Metro Pacific Tollways Corp. (MPTC) is open to building the toll road linking the North Luzon Expressway (NLEx) Connector to San Miguel Corp.’s (SMC) Skyway on their own to fast-track the project.
Christopher Lizo, MPTC chief finance officer, told reporters in a briefing on Thursday they sent a letter to the Department of Public Works and Highway (DPWH) about two weeks ago requesting to build the 1.2-kilometer (km) interconnection structure.
“We’re willing to do it,” he said. It would cost them about P2 billion more if they would be able to push through with the proposal. The interconnection structure, which is a project by SMC, will link Section 2 (España to Sta. Mesa) of NLEx Connector to the Plaza Dilao segment of Skyway.
Lizo said SMC has yet to complete the toll road connecting the two expressways.
In January last year, SMC announced it had started the work on the said infrastructure, noting that it could be done within 24 months or less if all right-of-way (ROW) issues were immediately resolved.
The MPTC official said it was crucial to finish the interconnection structure in time with the completion of the NLEx Connector’s construction, which is targeted for April next year.
Section 1 of the 8-km NLEx Connector, which links Caloocan to España, is 92 percent complete. Section 2 is 26 percent done.
The DPWH, according to MPTC, has settled 97 percent of the ROW concerns in Section 1; and 86 percent in Section 2.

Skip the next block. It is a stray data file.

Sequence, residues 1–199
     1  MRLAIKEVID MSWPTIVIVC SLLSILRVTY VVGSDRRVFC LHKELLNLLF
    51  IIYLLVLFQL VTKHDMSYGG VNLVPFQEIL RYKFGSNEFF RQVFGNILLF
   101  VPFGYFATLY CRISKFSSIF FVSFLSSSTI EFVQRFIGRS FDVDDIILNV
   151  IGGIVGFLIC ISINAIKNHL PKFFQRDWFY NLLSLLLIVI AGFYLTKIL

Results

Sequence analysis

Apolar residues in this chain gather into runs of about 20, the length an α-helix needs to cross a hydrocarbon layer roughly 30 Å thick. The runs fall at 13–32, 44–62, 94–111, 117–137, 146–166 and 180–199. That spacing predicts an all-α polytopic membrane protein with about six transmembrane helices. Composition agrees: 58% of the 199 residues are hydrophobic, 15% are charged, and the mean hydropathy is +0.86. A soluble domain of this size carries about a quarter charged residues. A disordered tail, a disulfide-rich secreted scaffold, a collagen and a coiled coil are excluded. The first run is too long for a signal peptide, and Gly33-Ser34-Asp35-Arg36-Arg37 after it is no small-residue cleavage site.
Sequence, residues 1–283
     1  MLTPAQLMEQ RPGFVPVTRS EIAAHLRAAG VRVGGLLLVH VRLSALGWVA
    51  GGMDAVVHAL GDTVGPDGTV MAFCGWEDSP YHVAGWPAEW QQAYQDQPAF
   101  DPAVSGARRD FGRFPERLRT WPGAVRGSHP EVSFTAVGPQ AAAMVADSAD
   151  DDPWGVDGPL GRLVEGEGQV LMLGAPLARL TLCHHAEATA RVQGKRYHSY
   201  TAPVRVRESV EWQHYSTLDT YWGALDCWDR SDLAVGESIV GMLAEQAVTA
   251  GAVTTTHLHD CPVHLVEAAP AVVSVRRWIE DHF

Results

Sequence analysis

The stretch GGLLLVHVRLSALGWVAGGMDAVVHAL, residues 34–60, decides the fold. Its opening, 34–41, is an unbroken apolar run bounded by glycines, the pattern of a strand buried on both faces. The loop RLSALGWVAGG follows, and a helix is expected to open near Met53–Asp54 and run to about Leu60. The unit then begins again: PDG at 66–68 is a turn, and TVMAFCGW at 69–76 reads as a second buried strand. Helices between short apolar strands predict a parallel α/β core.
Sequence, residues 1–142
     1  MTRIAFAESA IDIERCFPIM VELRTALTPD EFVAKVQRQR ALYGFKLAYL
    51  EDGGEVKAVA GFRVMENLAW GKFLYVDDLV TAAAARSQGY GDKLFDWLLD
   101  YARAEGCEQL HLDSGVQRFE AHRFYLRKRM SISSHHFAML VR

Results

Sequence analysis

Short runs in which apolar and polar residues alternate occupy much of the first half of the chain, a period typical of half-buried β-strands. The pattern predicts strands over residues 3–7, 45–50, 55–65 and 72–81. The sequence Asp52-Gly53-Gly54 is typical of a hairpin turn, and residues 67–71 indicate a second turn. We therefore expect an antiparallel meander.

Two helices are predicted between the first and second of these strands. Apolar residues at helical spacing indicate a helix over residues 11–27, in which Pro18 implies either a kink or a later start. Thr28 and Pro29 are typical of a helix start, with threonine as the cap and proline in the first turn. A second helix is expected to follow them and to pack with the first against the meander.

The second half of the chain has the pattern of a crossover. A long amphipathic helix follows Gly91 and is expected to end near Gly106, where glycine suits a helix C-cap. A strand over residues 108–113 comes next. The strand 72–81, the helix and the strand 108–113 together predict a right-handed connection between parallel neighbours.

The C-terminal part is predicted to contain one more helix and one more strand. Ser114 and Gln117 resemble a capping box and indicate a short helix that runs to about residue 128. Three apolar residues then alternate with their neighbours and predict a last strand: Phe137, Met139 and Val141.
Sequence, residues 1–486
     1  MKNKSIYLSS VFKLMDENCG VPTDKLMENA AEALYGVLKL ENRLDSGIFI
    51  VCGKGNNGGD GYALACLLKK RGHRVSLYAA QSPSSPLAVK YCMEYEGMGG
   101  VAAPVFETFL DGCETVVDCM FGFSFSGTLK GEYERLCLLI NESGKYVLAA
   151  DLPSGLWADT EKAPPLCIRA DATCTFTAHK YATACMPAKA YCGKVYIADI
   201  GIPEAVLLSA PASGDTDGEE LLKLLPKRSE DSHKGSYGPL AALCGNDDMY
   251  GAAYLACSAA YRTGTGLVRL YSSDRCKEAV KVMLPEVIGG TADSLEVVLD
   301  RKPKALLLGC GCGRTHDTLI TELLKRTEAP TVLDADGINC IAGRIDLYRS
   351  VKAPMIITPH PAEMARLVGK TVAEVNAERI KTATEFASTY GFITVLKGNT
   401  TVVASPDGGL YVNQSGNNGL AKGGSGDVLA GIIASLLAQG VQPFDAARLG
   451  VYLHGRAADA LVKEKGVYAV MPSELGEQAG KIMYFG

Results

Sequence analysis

Lizo said they had not incurred additional expenses for the project despite the delays and the rising fuel prices.
The NLEx Connector is seen to decongest the traffic on the major thoroughfares, including España Boulevard, Abad Santos Avenue, Rizal Avenue and Lacson Avenue, as the expressway is projected to cater to 3,000 trucks daily.
It is a public-private partnership project between the DPWH and MPTC unit NLEx Corp., which seeks to reduce the travel time of cargo going to and from the north and south of Luzon.
Earlier this year, NLEx Corp. said it had set aside P1.2 billion this year to beef up its infrastructure and toll collection system, among others.
The tollway company was set to replace about 100 toll system equipment. These include toll fare indicators, lane status indicators, traffic control gates, automatic vehicle classification devices and loop detectors.
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The article was originally published in Inquirer.NET and written by Tyrone Jasper C. Piad.
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